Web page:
By Tony Perkins
President Obama may be gone, but his ghost continues to haunt the thousands of rules still governing how the agencies do business. A few days after the Trump White House shipped the school bathroom debate back to states, another transgender holdover from the 44th president cropped up — this time at the Department of Housing and Urban Development (HUD). In another parting gift to his far-Left friends, Obama made sure to tack on another guidance that’s just as dangerous as his Education mandate — maybe more so. Under the agency’s “Equal Access to Housing in HUD Programs regardless of Sexual Orientation or Gender Identity” policy, the department just opened the doors to gender-free shelters.
Much to the delight of Obama’s camp, the rule became final this month, giving LGBT activists something to cheer in an otherwise depressing week for their agenda. As part of the guidance, the government is ordering all of its properties to comply with “shared sleeping quarters or shared bathing facilities” — giving predators an even bigger foothold to exploit. And as usual, faith-based groups that partner with the federal government will have to comply — no matter what their moral objections may be. Although the policy has already gone into effect, Brian Sullivan of HUD’s Office of Public Affairs says that the agency is taking comments for the next two weeks on a second rule that would “‘require owners and operators of [Office of Community Planning and Development]-funded shelters, housing, buildings and other facilities’ to print and post a notice on bulletin boards or other public spaces where it can be seen by those seeking services,” Weekly Standard reports.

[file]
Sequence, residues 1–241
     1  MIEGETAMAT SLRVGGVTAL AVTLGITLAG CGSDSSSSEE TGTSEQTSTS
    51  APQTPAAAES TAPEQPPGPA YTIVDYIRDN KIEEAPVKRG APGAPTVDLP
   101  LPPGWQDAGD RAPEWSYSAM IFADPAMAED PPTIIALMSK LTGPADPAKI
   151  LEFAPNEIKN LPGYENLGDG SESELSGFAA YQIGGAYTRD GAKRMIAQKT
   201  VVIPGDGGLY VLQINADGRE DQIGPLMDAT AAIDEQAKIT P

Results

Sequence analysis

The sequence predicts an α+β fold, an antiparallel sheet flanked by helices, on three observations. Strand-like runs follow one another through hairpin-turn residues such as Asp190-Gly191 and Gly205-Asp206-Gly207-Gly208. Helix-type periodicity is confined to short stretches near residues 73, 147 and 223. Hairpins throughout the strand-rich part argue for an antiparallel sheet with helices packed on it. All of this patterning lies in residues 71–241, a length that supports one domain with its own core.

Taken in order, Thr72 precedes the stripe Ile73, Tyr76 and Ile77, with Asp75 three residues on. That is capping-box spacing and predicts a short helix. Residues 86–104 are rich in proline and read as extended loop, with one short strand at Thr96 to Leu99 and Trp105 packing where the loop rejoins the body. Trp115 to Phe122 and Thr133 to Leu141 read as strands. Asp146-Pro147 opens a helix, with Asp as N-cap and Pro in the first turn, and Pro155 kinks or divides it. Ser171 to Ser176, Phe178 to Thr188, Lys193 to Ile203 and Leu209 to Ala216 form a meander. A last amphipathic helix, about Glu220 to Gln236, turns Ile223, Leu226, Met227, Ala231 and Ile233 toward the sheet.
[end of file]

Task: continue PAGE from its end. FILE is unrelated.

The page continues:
Of course, the wrinkle in all of this is the confirmation of new HUD Secretary Ben Carson, a staunch conservative, who’s expected to pass through the Senate this week. The question on everyone’s minds is not so much if, but when, the new boss will roll back the rules. “As to future regulatory action by HUD, I can’t say,” Sullivan told reporters. “We must digest the comments that would inform our future decisions … so stay tuned.” Obviously, the mop-up operation on Obama’s policies will continue for some time, since there’s no telling how many rules like this one are buried in regulations across the administration.
Fortunately, the Trump team seems determined to end the Obama-era social engineering that threatens our First Freedom. But as this edict from HUD once again reveals nothing would be more helpful in this mop up process than an executive order protecting religious liberty. In so many ways, the success of Trump’s overall agenda depends on keeping this critical base of support — evangelicals — energized. He doesn’t want to repeat the mistake of George W. Bush, who in 2004 engaged the Christian community on the topic of marriage (even winning 19 percent of the African American vote in the critical swing state of Ohio) only to drop the issue after the election. Instead, he announced that social security reform would be the focus of his second term. And how did that turn out?
Right now, the most enthusiastic supporters of Trump are evangelicals, the same ones who helped deliver one of the most stunning upsets in election history. On Monday, White House Press Secretary Sean Spicer hinted at the possibility of tackling the issue. “I think we’ve discussed executive orders in the past, and for the most part, we’re not going to get into discussing what may or may not come until we’re ready to announce it,” Spicer said. “So, I’m sure as we move forward we’ll have something.” Fifty-six percent of Americans say Trump is delivering on his promises. Protecting religious liberty should be one of them.
Tony Perkins is president of the Family Research Council, a Christian public policy ministry based in Washington, D.C., and, interim pastor of Greenwell Springs Baptist Church in the Baton Rouge, La., area. This column originally was posted at FRC.org.